Marijuana Charges Fall Dramatically in Colorado After (and Before) Legalization

Cops seem to have sharply reduced pot charges in response to shifting public opinion.


A new report from the Drug Policy Alliance shows that, as you would expect, marijuana arrests have fallen sharply in Colorado since voters approved legalization in 2012. According to data collected by Jon Gettman, an assistant professor of criminal justice at Shenandoah University, the number of marijuana cases in Colorado courts fell by 84 percent, from 9,864 in 2012 to 1,536 in 2014. The total number of marijuana charges in state courts fell by 80 percent during the same period, from 10,327 in 2012 to 2,036 in 2014. Possession charges accounted for most of that drop, but cultivation and distribution charges also fell dramatically, by 78 percent and 98 percent, respectively. Distribution accounted for 9 percent of charges in 2012 but only 1 percent in 2014. 

"The reduction in the number of offenses reflects a change in the nature of marijuana possession offenses in which the offense is now characterized by possession of amounts in excess of the one ounce allowed outside the home by law," Gettman writes. "The change in the composition of arrests demonstrates the extent to which legal distribution has replaced illicit distribution."

Source: Drug Policy Alliance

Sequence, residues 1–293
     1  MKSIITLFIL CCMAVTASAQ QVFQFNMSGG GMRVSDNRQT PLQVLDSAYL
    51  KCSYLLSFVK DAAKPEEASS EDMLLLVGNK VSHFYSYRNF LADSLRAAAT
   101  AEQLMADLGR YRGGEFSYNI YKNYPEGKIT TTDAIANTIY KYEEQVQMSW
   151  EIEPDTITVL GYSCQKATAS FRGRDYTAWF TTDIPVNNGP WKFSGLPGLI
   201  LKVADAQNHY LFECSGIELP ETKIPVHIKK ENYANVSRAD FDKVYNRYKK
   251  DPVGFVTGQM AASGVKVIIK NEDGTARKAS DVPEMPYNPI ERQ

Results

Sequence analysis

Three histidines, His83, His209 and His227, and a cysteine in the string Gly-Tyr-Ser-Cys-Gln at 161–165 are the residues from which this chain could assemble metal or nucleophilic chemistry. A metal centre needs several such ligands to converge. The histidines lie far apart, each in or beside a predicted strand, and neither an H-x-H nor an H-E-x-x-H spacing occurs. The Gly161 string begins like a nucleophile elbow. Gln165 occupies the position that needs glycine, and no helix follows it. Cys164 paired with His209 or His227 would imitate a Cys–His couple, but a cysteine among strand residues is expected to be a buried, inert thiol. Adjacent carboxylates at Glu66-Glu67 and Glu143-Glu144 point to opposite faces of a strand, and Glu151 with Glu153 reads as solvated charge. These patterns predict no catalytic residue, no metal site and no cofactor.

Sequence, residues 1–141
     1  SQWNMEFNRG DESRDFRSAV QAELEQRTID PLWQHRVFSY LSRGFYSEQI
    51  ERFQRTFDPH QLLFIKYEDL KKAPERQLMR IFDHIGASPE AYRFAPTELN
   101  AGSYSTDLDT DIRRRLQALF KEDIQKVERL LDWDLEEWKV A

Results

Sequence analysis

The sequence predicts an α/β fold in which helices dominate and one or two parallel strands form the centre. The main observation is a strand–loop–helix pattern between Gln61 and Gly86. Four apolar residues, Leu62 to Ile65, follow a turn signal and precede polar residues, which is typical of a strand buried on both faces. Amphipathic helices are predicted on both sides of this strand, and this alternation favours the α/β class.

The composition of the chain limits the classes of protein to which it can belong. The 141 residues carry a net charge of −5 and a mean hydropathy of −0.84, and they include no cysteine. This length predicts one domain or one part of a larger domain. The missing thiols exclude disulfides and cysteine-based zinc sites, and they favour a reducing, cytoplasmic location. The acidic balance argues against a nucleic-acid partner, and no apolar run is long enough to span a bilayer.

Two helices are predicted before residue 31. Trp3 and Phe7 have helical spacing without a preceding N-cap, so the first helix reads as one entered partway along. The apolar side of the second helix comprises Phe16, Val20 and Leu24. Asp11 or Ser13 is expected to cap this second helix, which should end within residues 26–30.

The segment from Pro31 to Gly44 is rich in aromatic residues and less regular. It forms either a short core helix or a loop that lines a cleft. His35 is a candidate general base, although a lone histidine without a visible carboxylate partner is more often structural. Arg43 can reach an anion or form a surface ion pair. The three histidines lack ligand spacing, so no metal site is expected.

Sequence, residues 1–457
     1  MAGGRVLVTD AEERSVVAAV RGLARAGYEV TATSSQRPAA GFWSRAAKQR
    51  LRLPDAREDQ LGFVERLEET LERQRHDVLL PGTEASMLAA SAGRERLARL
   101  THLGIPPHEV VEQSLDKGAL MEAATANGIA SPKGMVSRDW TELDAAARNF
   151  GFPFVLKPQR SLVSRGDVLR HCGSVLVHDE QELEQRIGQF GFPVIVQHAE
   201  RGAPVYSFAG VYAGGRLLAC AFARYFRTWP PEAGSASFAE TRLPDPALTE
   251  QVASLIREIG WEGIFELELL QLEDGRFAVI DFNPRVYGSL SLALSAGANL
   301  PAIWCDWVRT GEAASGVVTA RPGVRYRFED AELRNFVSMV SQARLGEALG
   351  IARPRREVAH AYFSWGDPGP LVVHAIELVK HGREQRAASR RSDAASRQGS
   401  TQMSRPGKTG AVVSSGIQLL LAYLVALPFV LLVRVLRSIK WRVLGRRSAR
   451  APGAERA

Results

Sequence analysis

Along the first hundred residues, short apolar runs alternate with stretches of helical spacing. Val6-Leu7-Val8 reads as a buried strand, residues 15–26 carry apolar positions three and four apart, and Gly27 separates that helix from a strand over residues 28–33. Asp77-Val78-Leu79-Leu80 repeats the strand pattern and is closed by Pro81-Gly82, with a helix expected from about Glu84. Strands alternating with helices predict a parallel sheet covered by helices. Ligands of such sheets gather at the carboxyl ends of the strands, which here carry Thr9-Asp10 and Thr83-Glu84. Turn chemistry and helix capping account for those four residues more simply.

Intriguingly, the downward trend in marijuana charges predates Amendment 64, Colorado's legalization measure. In fact, the total number of charges fell by 74 percent in a single year, from 39,207 in 2011 to 10,327 in 2012. "The sharp drop between 2011 and 2012 is interesting," Gettman tells me. "I think this is a 'see the writing on the wall' situation, where it was clear that public support for legalization was strong and growing, and that change was imminent. My theory is that enforcement policies began to self-adjust [in response] to changes in public opinion….It may also be that less enforcement in Colorado was a way for police to suggest that legalization was not needed."

The news is not all good. Gettman notes that racial disparities in marijuana enforcement persist in Colorado. Based on data from the Colorado Bureau of Investigation and the U.S. Census Bureau, he calculates that blacks were 2.4 times as likely to be arrested for marijuana offenses in 2014—exactly the same as the ratio in 2010.